Cannonier posts 7th UFC win, ties Murphy for most by Alaskan
Anchorage’s Jared Cannonier made a triumphant return to the octagon with a five-round unanimous decision over Arizona’s Kelvin Gastelum in the main event of UFC Fight Night in Las Vegas.
Fighting for the first time in nine months, the 37-year-old Cannonier delivered a sharp performance to prevail in a battle between top-10 contenders in the middleweight division.
Cannonier outscored Gastelum 48-47 on all three judges’ scorecards – the slimmest of margins for a fighter who has slimmed down to 185 pounds after competing at light heavyweight and heavyweight earlier in this career.
In fact, Cannonier and Conor McGregor are the only two fighters in UFC history to earn knockouts in three division weight classes.
Cannonier didn’t win this fight by KO, but he did OK – moving his pro record to 14-5, most notably 7-5 in the UFC.
The former U.S. Army solider out of Alaska has the power to end a fight with one punch and he dropped Gastelum with solid right in the third round and added another big blow in the fourth round.
— MMA mania (@mmamania) August 22, 2021
Cannonier showcased his durability and defenses by dominating the later rounds to come from behind and post his first win by decision since 2016.
“It’s always glorious to go five rounds with a guy like Kelvin at that level,” Cannonier told reporters. “Winning is even more glorious, if you will. I’m happy.”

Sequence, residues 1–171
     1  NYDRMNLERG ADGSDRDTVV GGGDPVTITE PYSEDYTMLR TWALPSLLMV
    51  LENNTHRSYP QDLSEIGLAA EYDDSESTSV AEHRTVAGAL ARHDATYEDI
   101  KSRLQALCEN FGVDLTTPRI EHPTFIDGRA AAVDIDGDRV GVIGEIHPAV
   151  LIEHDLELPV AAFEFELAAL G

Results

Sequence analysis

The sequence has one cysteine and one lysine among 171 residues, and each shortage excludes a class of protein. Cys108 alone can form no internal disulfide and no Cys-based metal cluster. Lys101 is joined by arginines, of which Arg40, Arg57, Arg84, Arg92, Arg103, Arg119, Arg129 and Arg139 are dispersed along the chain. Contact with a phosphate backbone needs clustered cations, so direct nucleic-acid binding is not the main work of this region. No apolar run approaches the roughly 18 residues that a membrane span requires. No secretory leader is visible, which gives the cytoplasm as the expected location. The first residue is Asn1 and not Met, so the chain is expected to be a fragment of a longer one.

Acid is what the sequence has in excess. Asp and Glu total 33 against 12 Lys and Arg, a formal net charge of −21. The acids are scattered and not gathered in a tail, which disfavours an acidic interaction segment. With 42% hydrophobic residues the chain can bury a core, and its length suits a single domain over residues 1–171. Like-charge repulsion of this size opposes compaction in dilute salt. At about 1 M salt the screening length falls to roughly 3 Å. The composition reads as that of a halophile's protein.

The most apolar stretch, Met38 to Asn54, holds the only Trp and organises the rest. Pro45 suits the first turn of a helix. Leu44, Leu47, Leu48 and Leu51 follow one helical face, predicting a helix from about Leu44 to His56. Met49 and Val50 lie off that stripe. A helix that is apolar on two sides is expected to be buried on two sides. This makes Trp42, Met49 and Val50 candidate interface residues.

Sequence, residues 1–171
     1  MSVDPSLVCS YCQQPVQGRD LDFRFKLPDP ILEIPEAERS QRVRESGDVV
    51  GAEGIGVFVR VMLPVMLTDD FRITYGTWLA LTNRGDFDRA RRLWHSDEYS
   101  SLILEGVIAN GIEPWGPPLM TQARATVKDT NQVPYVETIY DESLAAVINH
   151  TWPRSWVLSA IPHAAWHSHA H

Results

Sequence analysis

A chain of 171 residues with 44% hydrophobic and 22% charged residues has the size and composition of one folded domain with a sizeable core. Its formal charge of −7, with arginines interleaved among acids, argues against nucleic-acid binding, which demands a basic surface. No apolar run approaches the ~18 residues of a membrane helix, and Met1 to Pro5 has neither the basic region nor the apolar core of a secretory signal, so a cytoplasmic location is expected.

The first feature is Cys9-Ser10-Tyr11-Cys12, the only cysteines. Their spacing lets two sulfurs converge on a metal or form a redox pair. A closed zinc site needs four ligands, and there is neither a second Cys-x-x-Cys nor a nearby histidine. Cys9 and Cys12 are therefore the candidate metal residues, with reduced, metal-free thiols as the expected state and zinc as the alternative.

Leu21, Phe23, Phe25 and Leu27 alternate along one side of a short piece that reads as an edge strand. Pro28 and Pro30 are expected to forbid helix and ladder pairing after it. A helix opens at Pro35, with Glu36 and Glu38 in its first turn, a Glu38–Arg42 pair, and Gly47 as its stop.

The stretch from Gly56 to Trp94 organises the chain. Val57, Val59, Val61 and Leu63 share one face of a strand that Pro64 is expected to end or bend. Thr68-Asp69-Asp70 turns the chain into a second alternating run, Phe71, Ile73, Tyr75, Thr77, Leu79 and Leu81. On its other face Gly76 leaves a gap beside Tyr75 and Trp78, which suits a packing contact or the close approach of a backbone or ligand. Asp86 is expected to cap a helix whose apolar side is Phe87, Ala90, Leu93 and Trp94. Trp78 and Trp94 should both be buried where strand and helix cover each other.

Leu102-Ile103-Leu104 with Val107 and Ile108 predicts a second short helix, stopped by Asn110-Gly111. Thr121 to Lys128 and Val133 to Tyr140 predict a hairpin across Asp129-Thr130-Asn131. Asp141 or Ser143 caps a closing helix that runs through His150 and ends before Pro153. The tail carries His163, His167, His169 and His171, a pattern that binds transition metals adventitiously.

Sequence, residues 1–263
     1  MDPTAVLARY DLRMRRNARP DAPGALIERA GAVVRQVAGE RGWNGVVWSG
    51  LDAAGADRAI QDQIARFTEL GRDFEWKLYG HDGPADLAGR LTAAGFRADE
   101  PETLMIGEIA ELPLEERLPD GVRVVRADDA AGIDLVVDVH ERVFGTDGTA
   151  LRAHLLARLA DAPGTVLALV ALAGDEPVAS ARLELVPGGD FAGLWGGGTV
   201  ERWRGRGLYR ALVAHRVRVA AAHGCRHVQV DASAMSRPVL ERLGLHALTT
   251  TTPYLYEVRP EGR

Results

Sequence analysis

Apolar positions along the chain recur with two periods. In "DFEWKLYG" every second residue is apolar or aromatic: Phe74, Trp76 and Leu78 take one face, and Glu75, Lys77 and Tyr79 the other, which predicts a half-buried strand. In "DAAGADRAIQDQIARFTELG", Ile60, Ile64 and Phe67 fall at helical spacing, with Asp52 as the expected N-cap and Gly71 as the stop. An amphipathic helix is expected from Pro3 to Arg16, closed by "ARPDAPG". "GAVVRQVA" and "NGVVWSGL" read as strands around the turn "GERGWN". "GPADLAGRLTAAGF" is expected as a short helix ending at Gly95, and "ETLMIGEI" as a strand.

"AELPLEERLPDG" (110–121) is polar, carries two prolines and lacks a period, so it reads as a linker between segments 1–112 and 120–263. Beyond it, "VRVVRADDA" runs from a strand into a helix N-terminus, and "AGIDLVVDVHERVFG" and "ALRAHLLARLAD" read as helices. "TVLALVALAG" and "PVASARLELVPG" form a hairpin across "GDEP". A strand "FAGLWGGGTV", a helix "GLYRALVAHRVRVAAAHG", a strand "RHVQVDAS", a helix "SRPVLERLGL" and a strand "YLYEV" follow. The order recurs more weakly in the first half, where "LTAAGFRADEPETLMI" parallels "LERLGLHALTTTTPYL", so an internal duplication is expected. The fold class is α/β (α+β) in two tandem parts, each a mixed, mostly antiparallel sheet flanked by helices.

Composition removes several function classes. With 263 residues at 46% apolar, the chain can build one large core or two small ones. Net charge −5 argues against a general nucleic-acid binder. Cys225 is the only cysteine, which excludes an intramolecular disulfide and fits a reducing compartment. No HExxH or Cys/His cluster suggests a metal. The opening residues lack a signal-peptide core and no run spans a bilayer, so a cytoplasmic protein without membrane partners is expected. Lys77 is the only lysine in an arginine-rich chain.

His seven UFC wins are tied for the most by a fighter from Alaska, matching Eagle River’s Lauren Murphy, who has a big fight coming up.
Murphy (15-4, 7-4) will face UFC champion Valentina Shevchenko in a women’s flyweight title bout next month.
Cannonier could also land a title shot soon after picking up his fourth win in his last five fights.
He came into the night ranked as high as No. 3 in the middleweight division, so beating a fellow top-10 contender in Gastelum only helps his chances.
Cannonier said he would love to get a shot at UFC middleweight champ Israel Adesanya, but also admitted he can’t afford to wait.
“I’m broke, so I need to fight,” he said. “Hopefully, I get that title shot. But the right name might make me say yes.”
Cannonier’s has taken an unlikely road to UFC stardom. Ten years ago, he was 300-pound FAA employee working on air traffic control equipment in Anchorage.
He lost more than 100 pounds chasing his MMA dreams, getting his start with the Anchorage Fighting Championships.
He won his only two amateur fights in 2011 before turning pro. He rattled off a 7-0 record when the UFC came calling in 2015.
Cannonier lost his UFC debut but bounced back to win three of his next four to set himself up as a bona fide UFC fighter. Along the way he’s faced some of the sport’s toughest opponents and built a remarkable resume.
— MMA On Point (@OnPointMMA) August 20, 2021